With tougher mortgage underwriting rules a virtual certainty under Congress’ new financial reform legislation, lenders have begun confronting still another vexing issue: Can home buyers who have high credit scores really be trusted not to pull the plug — strategically default — when the economy hits a rough patch and home values tank?
New research based on data from 25 million active consumer credit files suggests that the answer might be no. Though people with the highest credit scores are less likely to default compared with people with lower scores, when they do default they are much more likely to do it strategically — that is, simply stop paying with little or no warning.
In a study released June 28, researchers from credit bureau Experian and the Oliver Wyman consulting firm found that borrowers with “super prime” credit scores accounted for 30% of all mortgages outstanding in mid-2009 and produced just 5% of all serious mortgage delinquencies.
However, 28% of those elite scorers’ defaults were calculated and strategic, compared with 18% for the overall population in the statistical sample. This pattern is forcing lenders and the credit industry to seek new ways to evaluate risk beyond traditional credit scores.
The June study, which follows up on earlier research involving credit files where consumers’ personal identifiers had been removed, tracked strategic defaulters in 2009. By examining payment patterns in individual credit files, Experian and Oliver Wyman estimate that about 19% of all mortgage defaults last year involved strategic walkaways.
Though there was some evidence that total defaults may have peaked at the end of 2008, the walkaway issue remains a costly and controversial one for the mortgage industry. Fannie Mae announced in late June that strategic defaults have become such a problem that it was toughening its policy and would pursue walkaways for unpaid balances and penalties where permitted by state law.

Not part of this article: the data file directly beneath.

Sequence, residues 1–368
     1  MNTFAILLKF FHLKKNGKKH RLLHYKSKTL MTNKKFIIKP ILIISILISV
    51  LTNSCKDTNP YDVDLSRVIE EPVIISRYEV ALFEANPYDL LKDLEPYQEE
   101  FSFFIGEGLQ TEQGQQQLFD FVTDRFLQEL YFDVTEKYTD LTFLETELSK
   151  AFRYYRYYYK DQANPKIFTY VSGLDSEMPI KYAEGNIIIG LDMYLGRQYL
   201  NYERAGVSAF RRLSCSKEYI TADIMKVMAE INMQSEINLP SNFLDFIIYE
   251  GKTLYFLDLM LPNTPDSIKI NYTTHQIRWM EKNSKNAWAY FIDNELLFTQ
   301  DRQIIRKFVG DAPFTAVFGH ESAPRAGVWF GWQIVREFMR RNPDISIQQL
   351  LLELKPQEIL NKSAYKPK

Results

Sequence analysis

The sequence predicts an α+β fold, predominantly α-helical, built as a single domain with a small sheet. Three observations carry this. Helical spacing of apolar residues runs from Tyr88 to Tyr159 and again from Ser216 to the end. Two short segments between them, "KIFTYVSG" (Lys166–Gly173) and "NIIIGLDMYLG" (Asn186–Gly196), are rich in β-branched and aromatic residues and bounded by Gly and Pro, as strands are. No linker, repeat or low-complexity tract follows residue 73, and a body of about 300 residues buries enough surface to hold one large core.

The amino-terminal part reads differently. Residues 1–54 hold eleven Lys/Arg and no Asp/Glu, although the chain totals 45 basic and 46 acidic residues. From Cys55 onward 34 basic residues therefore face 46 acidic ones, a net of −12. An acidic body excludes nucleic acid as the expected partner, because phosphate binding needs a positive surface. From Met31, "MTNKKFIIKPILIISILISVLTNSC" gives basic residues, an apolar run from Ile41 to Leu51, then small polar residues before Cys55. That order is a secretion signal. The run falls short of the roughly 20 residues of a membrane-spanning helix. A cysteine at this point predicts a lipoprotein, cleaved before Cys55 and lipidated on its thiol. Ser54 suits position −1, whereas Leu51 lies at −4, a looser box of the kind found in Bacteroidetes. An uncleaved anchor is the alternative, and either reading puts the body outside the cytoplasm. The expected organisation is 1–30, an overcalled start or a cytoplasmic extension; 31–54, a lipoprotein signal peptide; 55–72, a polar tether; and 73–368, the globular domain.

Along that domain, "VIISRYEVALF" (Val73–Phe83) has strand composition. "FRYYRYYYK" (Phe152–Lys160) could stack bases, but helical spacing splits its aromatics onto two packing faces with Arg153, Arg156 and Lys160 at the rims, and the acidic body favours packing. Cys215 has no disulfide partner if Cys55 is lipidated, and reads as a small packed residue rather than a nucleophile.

The Experian-Oliver Wyman study confirmed that geography played a significant role in the strategic default phenomenon. Homeowners in volatile boom-and-bust states such as California and Florida have been especially prone to walk away from deeply negative equity situations.
A separate study by three researchers at the Federal Reserve found that not only is geography crucial, but state law treatment of unpaid mortgage debt balances after a walkaway may play a major role as well. The Fed study examined 133,281 loan histories from Arizona, California, Florida and Nevada where borrowers were underwater on their loans.
According to the researchers, in California and Arizona, where state law limits lenders’ ability to collect post-foreclosure deficiencies on principal residence mortgages, borrowers were more likely to walk away from their houses at lower levels of negative equity compared with borrowers in states such as Florida and Nevada, where lenders face fewer restrictions.
“This result suggests,” the Fed study said, “that borrowers may factor into the costs of default the potential legal liabilities resulting from a foreclosure.”
The Fed researchers concluded that the depth of borrowers’ negative equity positions is an important tripwire to their decision to send back the keys. Borrowers whose negative equity is relatively modest appear to be much less willing to strategically default, probably because they hold out hope that market conditions will improve enough to restore them to positive equity one day.
But as negative equity approaches 50% — and borrowers see no prospects for higher real estate values — roughly half of all mortgage defaults are strategic.
The Fed researchers cited a hypothetical case from Palmdale to illustrate the economic logic of strategic defaulters: Purchasers there in 2006 paid $375,000 for a median-priced single-family home. By 2009, the same house was worth less than $200,000. Meanwhile, a three- to four-bedroom house in Palmdale rented for $1,300 a month at the end of 2009 — far less than what the deeply underwater borrowers were paying for their homes.
Why stay in a seemingly hopeless situation, bleeding money indefinitely? Both studies document that many borrowers asked themselves that very question — and decided to just stop paying.
Distributed by Washington Post Writers Group.